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[Clinical efficacy of various antiviral-based strategies to treat chronic hepatitis patients with positivity for hepatitis B e antigen and rtN236T mutation].



To compare the efficacy and safety of the common antivirals, including adefovir dipivoxil (ADV), pegylated-interferon alpha-2a (peg-IFN) and lamivudine (LAM), used as combination therapies to treat chronic hepatitis B (CHB) patients with positivity for the hepatitis B e antigen (HBeAg) and hepatitis B virus (HBV) harboring the ADV-resistance mutation, rtN236T, and to explore the factors associated with curative outcome.


Sixty-five adult CHB patients (age range: 20-60 years) who were unresponsive to ADV therapy (HBeAg-positive; HBV DNA >or= 10(5) copies/ml), LAM-naive, and tested positive for the rtN236T HBV mutation were enrolled in the study and randomly divided into two treatment groups: Group A (n = 33), who were administered ADV (10 mg/day, orally) plus peg-IFN (180 microg/week, subcutaneous injection) for 48 weeks; and Group B (n = 32 patients), who received the ADV plus LAM (100 mg/day, orally) for 48 weeks followed by continued LAM treatment for an additional 24 weeks. Pre- (baseline), during and post-treatment measurements of HBV viral loads and hepatitis B markers were made by quantitative PCR and electrochemiluminescence assays, respectively. All patients underwent liver biopsies to determine the histological activity index (HAI) and treatment response regarding inflammation and fibrosis stage. The rates of virological response (VR), HBeAg-negativity, HBeAg seroconversion, and alanine aminotransferase (ALT) normalization were calculated, and the significance of differences between groups were assessed by Student's t-test and Chi2 test.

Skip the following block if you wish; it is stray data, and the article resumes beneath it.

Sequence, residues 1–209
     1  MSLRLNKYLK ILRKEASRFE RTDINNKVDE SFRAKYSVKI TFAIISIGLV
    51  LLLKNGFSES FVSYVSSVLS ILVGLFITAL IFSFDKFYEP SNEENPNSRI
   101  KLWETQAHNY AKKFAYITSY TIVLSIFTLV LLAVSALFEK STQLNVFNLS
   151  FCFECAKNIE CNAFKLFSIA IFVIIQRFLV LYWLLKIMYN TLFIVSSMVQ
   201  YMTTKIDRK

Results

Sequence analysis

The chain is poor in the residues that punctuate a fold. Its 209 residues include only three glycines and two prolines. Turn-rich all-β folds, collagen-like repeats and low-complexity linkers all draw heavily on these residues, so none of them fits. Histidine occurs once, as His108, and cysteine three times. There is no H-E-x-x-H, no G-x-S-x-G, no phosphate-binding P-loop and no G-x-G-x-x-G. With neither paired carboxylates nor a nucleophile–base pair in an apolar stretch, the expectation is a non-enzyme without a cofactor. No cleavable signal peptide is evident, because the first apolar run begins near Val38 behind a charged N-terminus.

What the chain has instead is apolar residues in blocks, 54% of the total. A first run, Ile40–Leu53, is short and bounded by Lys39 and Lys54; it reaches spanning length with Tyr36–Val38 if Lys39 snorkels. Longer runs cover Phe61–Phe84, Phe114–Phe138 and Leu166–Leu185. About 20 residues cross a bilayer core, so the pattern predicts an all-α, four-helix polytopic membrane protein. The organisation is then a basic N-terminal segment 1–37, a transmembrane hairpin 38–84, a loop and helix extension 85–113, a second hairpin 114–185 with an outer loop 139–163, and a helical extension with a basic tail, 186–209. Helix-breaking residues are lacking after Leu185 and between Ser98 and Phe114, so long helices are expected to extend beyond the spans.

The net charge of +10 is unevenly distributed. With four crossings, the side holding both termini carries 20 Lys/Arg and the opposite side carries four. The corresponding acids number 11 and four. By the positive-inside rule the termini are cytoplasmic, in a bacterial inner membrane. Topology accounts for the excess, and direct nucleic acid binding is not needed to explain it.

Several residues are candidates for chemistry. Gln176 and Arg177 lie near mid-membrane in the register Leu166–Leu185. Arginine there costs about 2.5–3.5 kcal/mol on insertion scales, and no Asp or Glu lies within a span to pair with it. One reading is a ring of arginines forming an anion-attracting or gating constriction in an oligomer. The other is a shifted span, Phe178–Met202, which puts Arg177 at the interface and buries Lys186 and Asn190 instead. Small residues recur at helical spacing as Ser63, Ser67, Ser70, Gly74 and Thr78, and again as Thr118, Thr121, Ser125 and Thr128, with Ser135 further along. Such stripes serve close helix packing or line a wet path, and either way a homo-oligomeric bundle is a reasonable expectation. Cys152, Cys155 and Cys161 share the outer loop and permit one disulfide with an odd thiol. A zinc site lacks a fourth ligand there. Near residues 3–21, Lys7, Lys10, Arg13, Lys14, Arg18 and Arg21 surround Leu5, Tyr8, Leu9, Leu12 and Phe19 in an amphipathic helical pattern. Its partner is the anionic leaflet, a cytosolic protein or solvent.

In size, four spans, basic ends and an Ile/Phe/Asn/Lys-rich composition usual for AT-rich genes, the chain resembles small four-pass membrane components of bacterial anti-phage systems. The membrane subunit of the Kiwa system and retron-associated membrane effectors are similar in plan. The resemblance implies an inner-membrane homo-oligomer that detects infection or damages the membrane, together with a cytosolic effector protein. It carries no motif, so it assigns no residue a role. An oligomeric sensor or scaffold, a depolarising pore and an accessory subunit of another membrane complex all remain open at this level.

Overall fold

There were no significant differences between the two groups in regards to sex, age, or baseline levels of HBV DNA, ALT, and total bilirubin (P > 0.05). At weeks 24 and 48 of treatment and 24 after treatment end, group A showed significantly higher (vs. group B, P < 0.05) rates of reduced HBV DNA viral loads (81.8%, 90.9%, and 75.8% vs. 53.1%, 56.2%, and 59.4%), VR (48.5%, 60.6%, and 42.4% vs. 31.3%, 34.4%, and 31.3%), HBeAg-negativity (39.4%, 60.6%, and 54.5% vs. 12.5%, 37.5%, and 37.5%), HBeAg seroconversion (27.3%, 54.5%, and 48.5% vs. 6.3%, 15.6%, and 18.8%), and ALT normalization (72.7%, 84.8%, and 78.8% vs. 46.9%, 56.3%, and 46.9%). After 48 weeks of treatment, group A showed significantly improved HAI (vs. group B, P < 0.05). With the exception of treatment-related increased creatinine (P < 0.05), group A showed significantly higher rates of adverse reactions; although, none was serious enough to threaten patient safety or necessitate early termination of the treatment regimen. Twenty-four weeks after treatment completion, five patients had HBV viral loads of >or= 2log10 copies/ml and four had < or= 500 copies/ml, and ALT was normalized in 28 patients. The four patients in group A with HBV DNA < or= 500 copies/ml and elevated ALT during treatment did not show HBeAg seroconversion.


Peg-IFN plus ADV combination therapy produced better outcomes than the ADV plus LAM combination therapy in regards to HBV viral loads, VR rate, HBeAg-negative rate, HBeAg seroconversion rate, ALT normalization rate, and HAI, but was associated with a higher rate of adverse reactions (none of which were severe). Lack of HBeAg seroconversion was associated with higher virus load and ALT levels.


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    Department of Infectious Diseases, First Hospital of Lanzhou University, China.

    , , ,



    Drug Resistance, Viral
    Drug Therapy, Combination
    Hepatitis B e Antigens
    Hepatitis B virus
    Hepatitis B, Chronic
    Middle Aged
    Polyethylene Glycols
    Recombinant Proteins
    Young Adult

    Pub Type(s)

    English Abstract
    Journal Article
    Randomized Controlled Trial
    Research Support, Non-U.S. Gov't



    PubMed ID